50. Under basic conditions, MnO4 can be used as a titrant for the analysis of Mn2+, with both the analyte and the titrant forming MnO2. In the analysis of a mineral sample for manganese, a 0.5165-g sample is dissolved and the manganese reduced to Mn2+. The solution is made basic and titrated with 0.03358 M KMnO4, requiring 34.88 mL to reach the end point. Calculate the %w/w Mn in the mineral sample.

51. The amount of uranium in an ore can be determined by a redox back titration. The analysis is accomplished by dissolving the ore in sulfuric acid and reducing the resulting UO22+ to U4+ with a Walden reductor. The resulting solution is treated with an excess of Fe3+, forming Fe2+ and U6+. The Fe2+ is titrated with a standard solution of K2Cr2O7. In a typical analysis a 0.315-g sample of ore is passed through the Walden reductor and treated with 50.00 mL of 0.0125 M Fe3+. Back titrating with 0.00987 M K2Cr2O7 requires 10.52 mL. What is the %w/w U in the sample?

52. The thickness of the chromium plate on an auto fender was determined by dissolving a 30.0-cm2 section in acid, and oxidizing the liberated Cr3+ to Cr2O72– with peroxydisulfate. After removing the excess peroxydisulfate by boiling, 500.0 mg of Fe(NH4)2(SO4)2•6H2O was added, reducing the Cr2O72– to Cr3+. The excess Fe2+ was back titrated, requiring 18.29 mL of 0.00389 M K2Cr2O7 to reach the end point. Determine the average thickness of the chromium plate given that the density of Cr is 7.20 g/cm3.

53. The concentration of CO in air can be determined by passing a known volume of air through a tube containing I2O5, forming CO2 and I2. The I2 is removed from the tube by distilling it into a solution containing an excess of KI, producing I3. The I3 is titrated with a standard solution of Na2S2O3. In a typical analysis a 4.79-L sample of air was sampled as described here, requiring 7.17 mL of 0.00329 M Na2S2O3 to reach the end point. If the air has a density of 1.23 × 10–3 g/mL, determine the parts per million CO in the air.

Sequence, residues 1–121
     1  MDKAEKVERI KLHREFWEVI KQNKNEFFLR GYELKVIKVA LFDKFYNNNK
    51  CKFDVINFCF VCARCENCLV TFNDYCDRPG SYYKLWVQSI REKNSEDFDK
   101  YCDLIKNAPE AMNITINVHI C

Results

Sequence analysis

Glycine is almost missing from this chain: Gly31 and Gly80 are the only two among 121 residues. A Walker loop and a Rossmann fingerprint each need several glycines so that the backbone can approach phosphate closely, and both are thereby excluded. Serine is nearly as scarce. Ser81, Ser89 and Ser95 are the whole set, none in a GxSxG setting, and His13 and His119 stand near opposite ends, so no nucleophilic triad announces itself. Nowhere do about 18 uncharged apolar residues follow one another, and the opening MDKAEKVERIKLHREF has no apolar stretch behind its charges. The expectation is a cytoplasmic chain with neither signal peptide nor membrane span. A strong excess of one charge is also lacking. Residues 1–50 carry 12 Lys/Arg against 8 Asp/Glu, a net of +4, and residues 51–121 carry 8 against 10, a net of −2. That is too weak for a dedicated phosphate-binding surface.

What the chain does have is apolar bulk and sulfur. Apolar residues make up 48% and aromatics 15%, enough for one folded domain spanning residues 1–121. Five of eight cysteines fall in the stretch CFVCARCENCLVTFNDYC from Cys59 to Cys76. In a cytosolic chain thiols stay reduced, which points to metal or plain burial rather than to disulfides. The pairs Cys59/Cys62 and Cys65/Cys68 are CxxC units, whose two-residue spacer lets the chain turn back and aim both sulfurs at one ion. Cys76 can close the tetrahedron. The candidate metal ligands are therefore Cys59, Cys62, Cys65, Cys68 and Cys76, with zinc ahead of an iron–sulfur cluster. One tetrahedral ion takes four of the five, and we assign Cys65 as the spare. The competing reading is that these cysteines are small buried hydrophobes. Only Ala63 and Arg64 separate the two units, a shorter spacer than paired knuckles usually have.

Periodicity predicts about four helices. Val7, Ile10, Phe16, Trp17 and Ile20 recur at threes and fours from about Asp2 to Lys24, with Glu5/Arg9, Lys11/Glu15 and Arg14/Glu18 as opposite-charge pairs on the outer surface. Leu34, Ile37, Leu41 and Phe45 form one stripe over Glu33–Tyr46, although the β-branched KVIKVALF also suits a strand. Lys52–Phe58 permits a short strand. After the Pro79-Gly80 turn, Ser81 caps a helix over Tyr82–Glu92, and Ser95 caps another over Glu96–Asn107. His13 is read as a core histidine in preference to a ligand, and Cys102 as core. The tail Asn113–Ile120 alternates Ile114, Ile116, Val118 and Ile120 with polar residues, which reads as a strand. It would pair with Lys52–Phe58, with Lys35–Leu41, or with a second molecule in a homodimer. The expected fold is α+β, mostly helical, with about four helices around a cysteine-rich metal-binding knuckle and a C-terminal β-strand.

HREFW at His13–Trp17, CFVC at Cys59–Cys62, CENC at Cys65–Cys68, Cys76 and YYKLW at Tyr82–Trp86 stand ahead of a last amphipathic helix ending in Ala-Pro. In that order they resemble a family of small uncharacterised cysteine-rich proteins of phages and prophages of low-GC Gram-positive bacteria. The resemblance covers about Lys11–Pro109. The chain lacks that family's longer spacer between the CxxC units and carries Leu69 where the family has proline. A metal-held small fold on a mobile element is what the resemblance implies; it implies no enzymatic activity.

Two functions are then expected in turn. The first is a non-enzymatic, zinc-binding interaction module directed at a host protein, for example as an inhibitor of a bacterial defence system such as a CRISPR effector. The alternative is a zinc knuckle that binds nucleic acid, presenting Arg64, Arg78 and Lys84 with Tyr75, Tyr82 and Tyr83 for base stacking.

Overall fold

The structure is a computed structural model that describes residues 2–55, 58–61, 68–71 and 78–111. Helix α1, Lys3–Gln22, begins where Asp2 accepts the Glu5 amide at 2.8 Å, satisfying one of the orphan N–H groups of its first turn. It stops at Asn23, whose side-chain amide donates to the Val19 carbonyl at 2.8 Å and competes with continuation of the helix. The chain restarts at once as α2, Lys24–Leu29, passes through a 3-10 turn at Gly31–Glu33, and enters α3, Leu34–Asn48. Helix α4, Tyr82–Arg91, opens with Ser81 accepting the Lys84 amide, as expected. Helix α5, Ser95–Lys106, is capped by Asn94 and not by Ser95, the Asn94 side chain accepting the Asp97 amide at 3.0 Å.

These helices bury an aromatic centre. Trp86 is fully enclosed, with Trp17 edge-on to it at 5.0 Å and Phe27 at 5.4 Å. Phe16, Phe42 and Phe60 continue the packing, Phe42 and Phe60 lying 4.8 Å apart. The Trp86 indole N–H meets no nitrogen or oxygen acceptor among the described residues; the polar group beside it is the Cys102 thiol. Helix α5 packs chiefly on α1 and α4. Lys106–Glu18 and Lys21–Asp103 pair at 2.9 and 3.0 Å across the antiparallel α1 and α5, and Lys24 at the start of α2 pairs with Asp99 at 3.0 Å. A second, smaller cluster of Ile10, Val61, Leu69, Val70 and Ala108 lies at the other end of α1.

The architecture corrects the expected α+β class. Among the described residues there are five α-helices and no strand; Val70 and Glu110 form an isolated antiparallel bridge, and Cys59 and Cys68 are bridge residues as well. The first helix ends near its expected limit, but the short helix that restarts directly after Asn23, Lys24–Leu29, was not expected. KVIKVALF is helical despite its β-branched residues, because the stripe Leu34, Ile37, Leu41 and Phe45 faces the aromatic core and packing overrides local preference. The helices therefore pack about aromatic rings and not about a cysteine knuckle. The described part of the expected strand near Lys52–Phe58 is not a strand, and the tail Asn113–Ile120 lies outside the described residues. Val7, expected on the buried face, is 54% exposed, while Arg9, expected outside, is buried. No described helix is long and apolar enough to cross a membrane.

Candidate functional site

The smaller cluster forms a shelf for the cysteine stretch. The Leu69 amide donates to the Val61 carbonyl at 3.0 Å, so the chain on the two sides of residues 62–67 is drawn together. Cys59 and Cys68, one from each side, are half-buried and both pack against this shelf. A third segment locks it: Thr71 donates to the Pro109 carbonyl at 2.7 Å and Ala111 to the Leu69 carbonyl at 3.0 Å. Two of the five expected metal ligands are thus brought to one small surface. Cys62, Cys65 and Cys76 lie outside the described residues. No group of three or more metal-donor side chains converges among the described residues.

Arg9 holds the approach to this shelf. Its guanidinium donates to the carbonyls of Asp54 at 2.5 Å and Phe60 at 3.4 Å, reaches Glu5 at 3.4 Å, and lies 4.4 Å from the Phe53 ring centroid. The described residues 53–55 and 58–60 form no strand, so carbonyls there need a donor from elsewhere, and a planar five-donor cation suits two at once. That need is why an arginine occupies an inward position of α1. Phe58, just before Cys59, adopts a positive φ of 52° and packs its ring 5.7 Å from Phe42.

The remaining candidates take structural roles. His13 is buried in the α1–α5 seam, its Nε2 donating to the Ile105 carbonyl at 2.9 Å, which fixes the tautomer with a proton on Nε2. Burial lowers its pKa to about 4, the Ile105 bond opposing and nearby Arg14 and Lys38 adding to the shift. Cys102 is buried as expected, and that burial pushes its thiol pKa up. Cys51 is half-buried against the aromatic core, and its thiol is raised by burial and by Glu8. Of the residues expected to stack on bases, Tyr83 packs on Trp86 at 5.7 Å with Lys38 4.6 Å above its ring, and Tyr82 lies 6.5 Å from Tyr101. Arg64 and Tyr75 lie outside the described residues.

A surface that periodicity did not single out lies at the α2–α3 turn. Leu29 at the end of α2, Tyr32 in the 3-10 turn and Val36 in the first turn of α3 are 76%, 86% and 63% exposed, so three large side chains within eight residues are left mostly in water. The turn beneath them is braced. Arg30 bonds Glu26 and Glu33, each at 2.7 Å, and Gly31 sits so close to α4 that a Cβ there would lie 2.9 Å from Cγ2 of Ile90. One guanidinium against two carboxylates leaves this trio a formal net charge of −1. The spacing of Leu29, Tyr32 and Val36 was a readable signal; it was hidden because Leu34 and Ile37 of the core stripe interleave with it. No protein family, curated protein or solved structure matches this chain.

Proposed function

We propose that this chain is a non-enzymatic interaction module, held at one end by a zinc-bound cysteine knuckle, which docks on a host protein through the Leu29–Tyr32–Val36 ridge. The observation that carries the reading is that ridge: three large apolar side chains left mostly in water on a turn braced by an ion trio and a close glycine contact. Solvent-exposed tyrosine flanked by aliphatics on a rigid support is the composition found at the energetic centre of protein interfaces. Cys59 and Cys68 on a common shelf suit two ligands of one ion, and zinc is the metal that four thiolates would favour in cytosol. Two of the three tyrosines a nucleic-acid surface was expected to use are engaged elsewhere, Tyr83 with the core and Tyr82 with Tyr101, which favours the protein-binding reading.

54. The level of dissolved oxygen in a water sample can be determined by the Winkler method. In a typical analysis a 100.0-mL sample is made basic and treated with a solution of MnSO4, resulting in the formation of MnO2. An excess of KI is added and the solution is acidified, resulting in the formation of Mn2+ and I2. The liberated I2 is titrated with a solution of 0.00870 M Na2S2O3, requiring 8.90 mL to reach the starch indicator end point. Calculate the concentration of dissolved oxygen as parts per million O2.

55. The analysis for Cl using the Volhard method requires a back titration. A known amount of AgNO3 is added, precipitating AgCl. The unreacted Ag+ is determined by back titrating with KSCN. There is a complication, however, because AgCl is more soluble than AgSCN.

(a) Why do the relative solubilities of AgCl and AgSCN lead to a titration error?

(b) Is the resulting titration error a positive or a negative determinate error?

(c) How might you modify the procedure to prevent this eliminate this source of determinate error?